Taitung Aboriginal Galleria
Project Name: Taitung Aboriginal Galleria
Architecture Firm: Bio-architecture Formosana
Architects in charge: Ying Chao KUO, Ching Wha CHANG
Completion Year: 2016
Built Area: 1921m2
Project Location: Taitung, Taiwan
Photographer: Lucas K. Doolan
Team: Hsiao Hsian WANG, Wen Yao Wung, Hsin Yi CHEN, Zi Feng CHEN, Hui Zhen ZHU,
You Liang ZHOU, Yi Yan SIU, Yan Xuan CHEN, Yu Ting WEI, Zhen Jia LI, Yue Lun TSAI
Products: mosaic tiles, drift wood, expansion metal sheet, exposed concrete
Taiwan is the origin of Austronesian culture, and is located at the northern-most area of the cultural region. The unique Austronesian architectural style has been shaped by its climate, oceans and forest, and has deeply inspired our design concept. Just within 50 km, Taitung’s topography ranges from sea level to mountains of 3000 meters. Taitung consists of seven different tribes, spread between the ocean and the mountains.
This project aims to portray the architectural elements of the Austronesian culture. The design uses a large roof covering, creating a shaded space suitable for Austronesian activities. The design facilitates wind flow throughout the structure, and allows sunlight to shine through the beetle nut trees, ferns, shell flowers, and various other types of Austronesian plant life, creating an experience of being surrounded by the rainforest.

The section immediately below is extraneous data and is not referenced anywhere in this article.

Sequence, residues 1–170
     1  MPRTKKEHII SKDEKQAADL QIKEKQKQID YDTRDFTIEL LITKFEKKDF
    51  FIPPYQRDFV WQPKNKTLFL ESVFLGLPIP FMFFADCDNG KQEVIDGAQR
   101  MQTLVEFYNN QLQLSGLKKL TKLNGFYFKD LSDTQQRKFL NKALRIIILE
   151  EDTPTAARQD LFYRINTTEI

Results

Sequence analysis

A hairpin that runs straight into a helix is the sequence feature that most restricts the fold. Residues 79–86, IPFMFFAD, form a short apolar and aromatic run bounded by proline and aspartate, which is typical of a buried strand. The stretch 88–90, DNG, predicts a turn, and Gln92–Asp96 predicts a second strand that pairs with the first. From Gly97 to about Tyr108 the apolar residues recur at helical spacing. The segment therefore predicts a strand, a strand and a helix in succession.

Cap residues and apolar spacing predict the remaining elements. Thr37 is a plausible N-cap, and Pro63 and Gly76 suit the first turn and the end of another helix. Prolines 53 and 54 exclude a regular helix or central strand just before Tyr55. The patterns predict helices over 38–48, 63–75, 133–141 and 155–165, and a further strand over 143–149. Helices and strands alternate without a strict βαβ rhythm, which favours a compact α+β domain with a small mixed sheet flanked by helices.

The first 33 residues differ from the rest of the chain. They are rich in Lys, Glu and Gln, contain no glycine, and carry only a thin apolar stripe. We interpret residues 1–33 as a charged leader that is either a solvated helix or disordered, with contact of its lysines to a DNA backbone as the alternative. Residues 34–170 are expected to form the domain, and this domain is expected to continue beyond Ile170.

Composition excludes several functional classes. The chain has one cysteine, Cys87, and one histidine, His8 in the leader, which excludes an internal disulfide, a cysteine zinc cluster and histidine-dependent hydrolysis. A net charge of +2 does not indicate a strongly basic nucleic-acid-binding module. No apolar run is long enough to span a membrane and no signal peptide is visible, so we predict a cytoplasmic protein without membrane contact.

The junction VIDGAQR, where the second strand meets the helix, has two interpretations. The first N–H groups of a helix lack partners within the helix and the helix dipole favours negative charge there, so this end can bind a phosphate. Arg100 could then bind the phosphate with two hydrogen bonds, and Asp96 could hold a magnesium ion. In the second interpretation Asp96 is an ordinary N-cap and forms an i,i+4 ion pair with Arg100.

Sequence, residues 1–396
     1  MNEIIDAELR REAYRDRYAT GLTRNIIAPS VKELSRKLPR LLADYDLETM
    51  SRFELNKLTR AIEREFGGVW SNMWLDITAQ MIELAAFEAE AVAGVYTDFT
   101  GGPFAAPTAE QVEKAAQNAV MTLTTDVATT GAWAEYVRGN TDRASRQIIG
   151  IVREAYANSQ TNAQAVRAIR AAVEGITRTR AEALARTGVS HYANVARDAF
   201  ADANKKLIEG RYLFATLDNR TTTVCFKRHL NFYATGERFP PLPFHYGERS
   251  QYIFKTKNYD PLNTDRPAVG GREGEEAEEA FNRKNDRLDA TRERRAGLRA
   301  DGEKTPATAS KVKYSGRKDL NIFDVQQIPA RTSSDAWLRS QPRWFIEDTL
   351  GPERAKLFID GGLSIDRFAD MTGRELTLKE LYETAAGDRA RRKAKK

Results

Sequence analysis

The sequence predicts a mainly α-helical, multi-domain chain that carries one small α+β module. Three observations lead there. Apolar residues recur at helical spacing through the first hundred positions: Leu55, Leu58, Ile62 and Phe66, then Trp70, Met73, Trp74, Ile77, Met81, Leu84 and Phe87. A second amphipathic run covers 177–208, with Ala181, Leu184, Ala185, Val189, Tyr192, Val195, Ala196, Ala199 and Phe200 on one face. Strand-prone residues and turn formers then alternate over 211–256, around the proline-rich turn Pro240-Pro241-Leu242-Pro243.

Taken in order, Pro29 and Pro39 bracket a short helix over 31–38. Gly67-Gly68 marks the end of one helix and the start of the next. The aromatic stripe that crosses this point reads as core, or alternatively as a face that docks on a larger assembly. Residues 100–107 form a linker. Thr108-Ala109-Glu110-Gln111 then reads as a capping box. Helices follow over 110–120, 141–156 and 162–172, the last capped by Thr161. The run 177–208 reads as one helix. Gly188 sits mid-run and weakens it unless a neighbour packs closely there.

The aboriginal handcraft shops utilize recycled container houses, arranged in different directions to create the effect of a “market” space. In Taiwan, there are approximately 10,000 containers retrieved from the ocean each year, providing about 15,000 m² of recycled space. Unlike typical buildings, this project consists of two different types of spaces: individually air conditioned units and naturally ventilated outdoor walkways. In Taitung’s tropical climate, individualized air conditioning reduces the refrigerating ton by 50%, and the electricity use by 60%.
The shape of the roof corresponds to the fluctuating topography. Its slanted surface connects to the railway and the hotel buildings, and collects rainwater into five small ponds at the plaza. Aboriginal art often utilizes talisman to portray historical and spiritual stories. The steel structure of the roof incorporates diamond shapes that symbolize the eyes of the ancestral spirits.